Catholic Church refuses to protect girls from cancer
Posted: Thu, 05 Jul 2012
If any more evidence was needed to prove the Catholic Church's contempt for women, then you need look no further than Calgary in Canada.
The bishops there decided in 2008 that they would not provide vaccination for girls in Catholic schools against the human papilloma virus (HPV) – which guards against the four strands of HPV most associated with cervical cancer. The bishops say it would compromise Catholic teaching, because HPV is a sexually transmitted virus.
The National Post reports that when children in Calgary's Catholic schools were sent home with vaccination information from Alberta Health Services they were given an additional letter. Written by the bishops, the letter instructed parents that: "Although school-based immunization delivery systems generally result in high numbers of students completing immunization, a school-based approach to vaccination sends a message that early sexual intercourse is allowed."
This week, a group of parents, doctors and researchers have launched a fight to have the Catholic School District overturn the ban and allow the school vaccinations to stand. The group, known as HPV Calgary, has started a campaign to pressure school trustees to address the situation.
The group argues that there is no evidence that vaccinations lead to higher rates of promiscuity. And while parents of girls in Catholic schools would still be able to have their daughters vaccinated away from school, the group argues that the ban would ensure that many girls wouldn't get the chance.
In 2007, Ottawa provided a grant so that school-aged girls could be vaccinated for free; Alberta followed suit. But at least eight religious boards in the province still bar the vaccine from being administered on school grounds. Outside the province, only two school boards are believed to have taken such a stance.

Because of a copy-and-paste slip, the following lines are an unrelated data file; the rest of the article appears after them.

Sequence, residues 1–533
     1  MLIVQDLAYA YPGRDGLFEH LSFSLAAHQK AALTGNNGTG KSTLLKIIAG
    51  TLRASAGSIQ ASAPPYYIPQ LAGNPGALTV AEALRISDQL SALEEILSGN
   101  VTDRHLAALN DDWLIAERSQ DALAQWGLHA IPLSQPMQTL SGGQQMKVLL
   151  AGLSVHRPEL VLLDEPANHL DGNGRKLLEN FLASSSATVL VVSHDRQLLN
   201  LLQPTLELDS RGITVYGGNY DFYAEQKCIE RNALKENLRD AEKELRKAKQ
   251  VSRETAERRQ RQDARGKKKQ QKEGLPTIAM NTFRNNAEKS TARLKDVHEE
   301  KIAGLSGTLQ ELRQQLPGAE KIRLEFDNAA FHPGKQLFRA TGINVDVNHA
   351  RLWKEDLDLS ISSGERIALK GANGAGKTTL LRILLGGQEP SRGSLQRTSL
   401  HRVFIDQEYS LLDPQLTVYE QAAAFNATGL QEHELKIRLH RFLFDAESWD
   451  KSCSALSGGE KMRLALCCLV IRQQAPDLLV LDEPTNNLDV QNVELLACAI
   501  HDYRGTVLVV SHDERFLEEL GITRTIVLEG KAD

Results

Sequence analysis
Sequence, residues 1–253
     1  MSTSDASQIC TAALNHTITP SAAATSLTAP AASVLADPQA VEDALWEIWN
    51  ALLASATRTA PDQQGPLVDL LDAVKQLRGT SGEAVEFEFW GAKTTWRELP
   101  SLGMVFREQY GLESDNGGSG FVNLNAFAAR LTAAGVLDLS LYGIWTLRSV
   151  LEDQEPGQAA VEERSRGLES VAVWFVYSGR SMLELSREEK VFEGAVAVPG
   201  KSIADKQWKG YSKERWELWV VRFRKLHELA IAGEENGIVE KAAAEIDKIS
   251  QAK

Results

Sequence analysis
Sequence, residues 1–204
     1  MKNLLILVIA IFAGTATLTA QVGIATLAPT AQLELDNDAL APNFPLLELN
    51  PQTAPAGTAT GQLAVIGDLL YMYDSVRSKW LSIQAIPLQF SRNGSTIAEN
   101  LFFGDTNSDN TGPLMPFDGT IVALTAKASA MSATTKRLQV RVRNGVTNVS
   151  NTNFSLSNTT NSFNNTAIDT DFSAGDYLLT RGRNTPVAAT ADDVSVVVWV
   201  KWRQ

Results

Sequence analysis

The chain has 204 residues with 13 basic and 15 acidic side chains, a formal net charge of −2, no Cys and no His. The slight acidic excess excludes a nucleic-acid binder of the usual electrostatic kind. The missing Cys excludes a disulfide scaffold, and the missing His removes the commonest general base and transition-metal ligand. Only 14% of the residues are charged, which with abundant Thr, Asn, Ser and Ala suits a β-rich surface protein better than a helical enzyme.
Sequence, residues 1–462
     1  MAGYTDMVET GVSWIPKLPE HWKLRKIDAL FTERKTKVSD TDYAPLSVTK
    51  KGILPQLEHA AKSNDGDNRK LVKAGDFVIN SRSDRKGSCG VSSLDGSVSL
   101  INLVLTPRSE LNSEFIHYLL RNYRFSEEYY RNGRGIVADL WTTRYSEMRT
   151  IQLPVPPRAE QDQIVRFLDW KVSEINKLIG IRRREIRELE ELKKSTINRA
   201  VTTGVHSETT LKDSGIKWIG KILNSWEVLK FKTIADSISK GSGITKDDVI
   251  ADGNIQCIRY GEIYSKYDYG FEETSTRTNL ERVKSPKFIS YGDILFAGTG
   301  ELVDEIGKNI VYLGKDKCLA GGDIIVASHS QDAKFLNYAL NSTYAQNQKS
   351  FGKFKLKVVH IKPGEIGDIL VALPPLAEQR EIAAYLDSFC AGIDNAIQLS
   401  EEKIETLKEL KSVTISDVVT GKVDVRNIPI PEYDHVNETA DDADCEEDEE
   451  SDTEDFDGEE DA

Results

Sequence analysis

"If you are an immigrant, if you are not so affluent, if you don't have a car, if you're very dependent on an hourly wage, it is very unlikely that you'll get immunization," Dr. Ian Mitchell, a professor of paediatrics and a bio-ethicist with the University of Calgary, told the National Post. "So we saw this decision by the Catholic school board as affecting all children, but really affecting the most vulnerable children."
The HPV vaccine — and the virus, in general — has been at the centre of several recent controversies. But HPV Calgary says that by banning the vaccine, the church is literally endangering the lives of thousands of girls. As HPV Calgary member and bio-ethicist Juliet Guichon told the CBC: "The physicians have told the trustees that they can predict with statistical certainty that there will be disease and death as a consequence of these children not receiving the vaccine."
Mary Martin, chairwoman of the Catholic board in Calgary, said students receive information about where they can get the vaccine outside school.
"The overarching concern or issue here is that anything we do within our Catholic schools have to be congruent with the teachings of our church," she said. "At the end of the day [we're providing] a faith-based education that is in alignment with the direction of the Alberta bishops."
Vaccination advocates said studies have found no correlation between the HPV vaccine and increased promiscuity.
"What we see anecdotally is that the children don't jump into bed, they go out for recess. It's hard to debate this because it's not grounded in evidence or rationality," Ms. Guichon said. Further, it's possible to contract HPV through sexual assault and abuse, she added.
But the bishops remain unconvinced. In a statement to LifeSite News, Bishop Fred Henry insisted that he will continue to urge Catholic school boards not to administer the vaccine. He says administering the vaccine would undermine the schools' effort to teach children about abstinence and chastity in accord with the teachings of the Catholic Church.
The vaccine has been administered through the province's schools in grade 5 and 9 with government funding since 2007, but at Bishop Henry's urging theCalgaryCatholicSchool Districthas refused to participate in the program.
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